Fix these levees
Recently I participated in the Annual Spring River Ice Preparedness Meeting for 2021 hosted by the Nebraska Emergency Management Agency and a number of our area natural resources districts. The meeting goal of the Nebraska and federal agencies represented is to coordinate activities and responsibilities in the event of spring ice jam flooding on eastern Nebraska’s major river systems and how to work together to minimize these types of events.
Unfortunately I was taken aback when no mention was made, until I brought it up, of the still unrepaired dikes and levees on the Platte River damaged by the historic spring floods in 2019. Many of the dike and drainage districts in the state, particularly on the Platte River and its tributaries, have failed miserably in maintaining the dikes and levees in their jurisdiction. There are dike and drainage district levees in Saunders County and several other counties in the state, that breached or are in desperate need of repair from the 2019 flood almost two years after that event.
Additionally, normal dike maintenance such as mowing, tree removal, repairing burrowing animal damage and the like are in many cases woefully non-existent. Possibly it is time for these local landowner-managed and taxed entities to be replaced by governmental agencies that have the knowledge and expertise to work expeditiously for the good of all, especially those that live near the river.
I would ask our State Legislature to consider this option. Unfortunately, the next ice jam flood may be just a few months away and lives and property may continue to be at risk.
Rich Tesar, Waterloo, Neb. director, Papio-Missouri River NRD
NU needs to act
On Dec. 4, I and other students dialed in to speak during the open forum at the University of Nebraska Board of Regents meeting. We spoke in regard to the movement taking place across all four Nebraska University campuses that is calling for divestment from the fossil fuel industry.
We spoke on a variety of topics, ranging from the impacts of climate change we are seeing here in Nebraska to the lack of financial responsibility these investments hold compared to green energy investment. Unfortunately, our messages were met with deflection and blame shifting. There was no accountability, no commitment to be transparent, nothing but platitudes about how divestment is an ongoing discussion and, “the ball is being moved down the field.”
The truth is, students have been making their voice heard since last year. UNL and UNO students hosted digital rallies to raise awareness about divestment, a cross-campus liaison has been made where students from all different backgrounds have gathered together to work toward this goal, and an online petition has garnered more than 400 signatures demanding change. UNMC and UNO student governments both independently passed resolutions in support of divestment.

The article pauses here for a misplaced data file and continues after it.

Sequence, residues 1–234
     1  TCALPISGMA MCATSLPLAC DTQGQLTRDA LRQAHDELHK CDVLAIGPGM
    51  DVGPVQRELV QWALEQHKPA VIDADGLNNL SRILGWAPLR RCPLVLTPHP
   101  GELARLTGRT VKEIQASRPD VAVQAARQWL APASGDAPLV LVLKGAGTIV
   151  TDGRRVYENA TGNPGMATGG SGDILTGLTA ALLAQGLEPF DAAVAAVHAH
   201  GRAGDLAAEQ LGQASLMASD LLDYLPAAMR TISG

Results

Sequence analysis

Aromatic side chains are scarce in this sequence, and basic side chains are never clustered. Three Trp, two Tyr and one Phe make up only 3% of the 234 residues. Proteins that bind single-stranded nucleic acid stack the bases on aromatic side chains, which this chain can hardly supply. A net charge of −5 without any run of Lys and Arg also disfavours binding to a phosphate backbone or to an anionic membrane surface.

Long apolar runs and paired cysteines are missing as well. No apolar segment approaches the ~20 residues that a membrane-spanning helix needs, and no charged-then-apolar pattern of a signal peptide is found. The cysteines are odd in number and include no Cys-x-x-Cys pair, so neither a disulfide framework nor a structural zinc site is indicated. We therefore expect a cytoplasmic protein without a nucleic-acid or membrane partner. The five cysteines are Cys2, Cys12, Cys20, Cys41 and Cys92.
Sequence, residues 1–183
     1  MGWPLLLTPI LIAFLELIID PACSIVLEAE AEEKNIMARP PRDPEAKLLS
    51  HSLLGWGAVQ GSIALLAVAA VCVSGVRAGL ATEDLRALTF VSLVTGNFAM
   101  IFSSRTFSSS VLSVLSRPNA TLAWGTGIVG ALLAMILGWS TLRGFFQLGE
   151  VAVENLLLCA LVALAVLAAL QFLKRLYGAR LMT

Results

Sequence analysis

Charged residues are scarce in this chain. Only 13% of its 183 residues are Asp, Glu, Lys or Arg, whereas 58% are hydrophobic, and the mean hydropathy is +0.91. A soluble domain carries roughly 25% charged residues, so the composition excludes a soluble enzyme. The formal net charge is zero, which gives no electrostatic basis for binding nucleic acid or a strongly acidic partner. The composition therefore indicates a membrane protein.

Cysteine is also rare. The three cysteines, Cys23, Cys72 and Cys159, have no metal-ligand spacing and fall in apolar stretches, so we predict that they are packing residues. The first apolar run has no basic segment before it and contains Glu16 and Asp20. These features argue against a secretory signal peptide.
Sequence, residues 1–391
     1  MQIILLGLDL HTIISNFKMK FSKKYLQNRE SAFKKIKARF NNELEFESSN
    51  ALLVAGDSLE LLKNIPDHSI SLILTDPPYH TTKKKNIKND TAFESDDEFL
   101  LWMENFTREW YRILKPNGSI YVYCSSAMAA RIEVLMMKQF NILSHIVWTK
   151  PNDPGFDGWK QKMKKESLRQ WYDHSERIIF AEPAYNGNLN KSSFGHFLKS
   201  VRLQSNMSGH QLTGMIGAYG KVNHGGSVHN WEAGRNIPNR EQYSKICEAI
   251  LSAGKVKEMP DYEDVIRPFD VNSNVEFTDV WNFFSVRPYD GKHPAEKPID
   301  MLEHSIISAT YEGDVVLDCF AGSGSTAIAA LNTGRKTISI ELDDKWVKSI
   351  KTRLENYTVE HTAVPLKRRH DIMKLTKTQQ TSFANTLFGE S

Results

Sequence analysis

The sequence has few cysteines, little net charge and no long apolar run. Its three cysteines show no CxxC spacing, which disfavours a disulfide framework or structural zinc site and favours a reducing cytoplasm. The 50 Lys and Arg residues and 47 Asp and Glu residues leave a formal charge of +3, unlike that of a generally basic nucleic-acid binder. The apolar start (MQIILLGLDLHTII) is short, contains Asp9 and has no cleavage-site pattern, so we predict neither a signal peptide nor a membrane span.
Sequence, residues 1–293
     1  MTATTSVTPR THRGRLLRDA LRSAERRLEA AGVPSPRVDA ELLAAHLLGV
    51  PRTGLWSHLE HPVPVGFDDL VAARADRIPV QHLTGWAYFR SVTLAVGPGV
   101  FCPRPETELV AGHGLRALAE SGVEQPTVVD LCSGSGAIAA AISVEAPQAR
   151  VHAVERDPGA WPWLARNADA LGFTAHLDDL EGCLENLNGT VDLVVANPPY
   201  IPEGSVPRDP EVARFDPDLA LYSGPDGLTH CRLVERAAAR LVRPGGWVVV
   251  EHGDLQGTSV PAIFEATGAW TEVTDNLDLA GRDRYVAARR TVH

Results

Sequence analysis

The ball should be in the end zone by now, and yet they won’t even give us a direct answer on which direction it is moving in.
We are asking for transparency. We are asking for accountability. We are asking for change. That should not be too much to ask of our leaders.
Zee Elmer, Omaha
Dangers of ignorance
What is wrong with our country? You could start with the stark realization that Alabama voters just elected a senator, Tommy Tuberville, who can not even list the three branches of our federal government. Pushing the envelope of his ignorance even further, in order to ingratiate his constituents and the president, Tuberville says he is more than willing to challenge the Electoral College vote on Jan. 6. Other than further exhausting the country’s patience, the only thing this exercise in futility will accomplish is to stigmatize Tuberville as a groveling boob.
America’s glaring problem can be encapsulated by Ben Franklin’s sage words: Ignorance is not so much a shame as the unwillingness to learn.
The founding fathers understood that a functioning democracy depends on a factually informed public. It is so profoundly ironic that with all the information sources available to us, proportionately so many people now are less factually informed than those living in the 18th century. The unnecessary chaos created by ridiculous conspiracy theories is the fate of a nation when so many extract their knowledge from biased sources and sources that even cherry-pick their preferred information via algorithm. It should not be too much to expect elected leaders to possess fundamental knowledge and to convey to the public that which is true.
Lee Miltner, Omaha
Rotten to the core
Rotten to the core? Sen. Sasse, this is like screaming to close the barn door after the horse has been running wild for weeks! You and your Republican colleagues supposedly saw nothing wrong. Trump has vetoed the defense bill and is also trying to blow up the stimulus bill. The Russians are hacking our cybersecurity infrastructure and the Republicans are asleep at the wheel. Blackwater murderers have been pardoned after they killed innocents and children.
Trump is not the only thing that has been rotten to core: You and other Republicans should be held accountable. Including the Republicans who signed that frivolous lawsuit brought by Texas to overthrow the will of the people. If you have the proof, show it to a court of law. You need proof, not just allegations.
Robert Nunez Jr., Omaha
An Omaha treat
A doctor friend who had recently moved from Nebraska flew in for a quick weekend stop in Omaha, and the night before we picked him up at at Eppley he asked if we could stop by Rotella’s on the way back to our Papillion home. He happily stood in the socially distanced, masked shoppers’ line outside the building, waiting his turn to purchase six loaves of his all-time favorite Rotella’s bread, which he conveniently packed in a folded cardboard box in his suitcase for his return flight home the following day!